Reprinted from the Tri-County News Sept. 5, 2002.
Openings for doctors at that time were relatively scarce. I was hired by Dr. Sherwood in Kimball, Minn. It was a depressed area of the state with a lot of poor people and poor farm land. Dr. Sherwood hired me for $1,500 the first year – a little less than what other members of my class made. Nowadays doctors, under similar conditions, would make $50,000 a year.
I lived in a rented room in a private home, and ate at Schmidt’s Café where the teachers and other people would eat on occasion.
Liability insurance was $14 a year. One could buy a nice one-story house in Kimball for $3,500.
Major Highlights for the Week
Wednesday, Nov. 18, 1863
A special train of four cars left Washington for Gettysburg, Pa. Although depressed because his son, Tad, was ill and Mrs. Lincoln was very upset, the president related a few stories en route. Upon arrival in Gettysburg, Lincoln spoke briefly to a crowd outside the Wills House on Gettysburg Square before retiring for the night.
Military operations included skirmishes near Germanna Ford, Va.; Trenton, Ga.; Carrion Crow Bayou, La.; and at Shoal and Turkey creeks in Jasper County, Mo.
Watkins native was front and center during JFK assassination
Fifty years ago when the world’s eyes were focused on the city of Dallas and the assassination of President John F. Kennedy, a man who grew up in tiny Watkins, Minn., found himself near the center of the tragedy.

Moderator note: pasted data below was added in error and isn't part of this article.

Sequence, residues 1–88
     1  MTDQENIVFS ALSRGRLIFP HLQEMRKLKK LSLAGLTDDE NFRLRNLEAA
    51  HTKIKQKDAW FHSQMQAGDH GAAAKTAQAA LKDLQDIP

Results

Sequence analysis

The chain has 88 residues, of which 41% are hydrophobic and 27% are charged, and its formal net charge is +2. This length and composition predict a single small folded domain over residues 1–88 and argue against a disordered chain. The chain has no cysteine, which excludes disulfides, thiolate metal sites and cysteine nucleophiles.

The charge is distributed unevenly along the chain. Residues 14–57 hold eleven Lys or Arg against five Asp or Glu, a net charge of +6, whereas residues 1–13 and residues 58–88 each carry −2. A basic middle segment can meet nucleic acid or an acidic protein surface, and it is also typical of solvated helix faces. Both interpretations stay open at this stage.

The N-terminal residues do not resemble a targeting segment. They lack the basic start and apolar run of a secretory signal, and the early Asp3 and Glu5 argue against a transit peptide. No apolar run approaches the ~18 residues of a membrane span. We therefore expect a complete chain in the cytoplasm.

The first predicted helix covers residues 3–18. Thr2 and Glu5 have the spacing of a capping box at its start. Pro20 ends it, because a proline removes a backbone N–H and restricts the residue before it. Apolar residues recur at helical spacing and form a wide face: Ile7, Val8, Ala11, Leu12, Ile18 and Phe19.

Sen. Eugene McCarthy’s life changed dramatically after the death of Pres. Kennedy, and as it did, the people of Central Minnesota followed it closely.
The hometown boy who attended Catholic grade school, played first base on the local town team, and would go on to graduate from St. John’s University, would become a voice of calm and strength during those troubled times in November 1963, and beyond.
The following is reprinted from the Tri-County News Oct. 3, 2002.
Highway No. 15 North, remains bad in spite of State Dept. promise
Below is printed an item which appeared as an editorial in the St. Cloud Journal-Press in September 1925, and it is reprinted here as it seems a fitting reminder of the condition of that portion of Trunk Highway No. 15 lying north out of Kimball when it was under local control, in view of the fact that the road is now listed in all state highway road condition bulletins as “impassable”.
Frequently many highways may become impassable because of extraordinary and unusual weather conditions but how can the Highway Department excuse itself for allowing an important link in the Trunk highway system, such as the stretch from Kimball to Luxemburg to become impassable because of a lack of either building, or proper maintenance? The men employed on maintenance of this stretch have accomplished all that anyone could with the equipment that they have been furnished, but from allowing the grade to wear down over a period of years, to such an extent that it becomes a “canal”, with the previous ditches higher than the road bed, it is impossible to maintain the road without grading by heavy maintenance equipment.
Major Highlights for the Week
Wednesday, Nov. 11, 1863
Major General Benjamin F. Butler returned to active Federal command, superseding Major General John G. Foster in the Department of Virginia and North Carolina.
Skirmishing flared between the Union and Confederate armies at Suffolk, Va.; the Fouche-le-Faix Mountains in Arkansas; Greenleaf Prairie in Indian Territory; near Natchez, Miss.; and at the Carrion Crow and Vermillion bayous of Louisiana.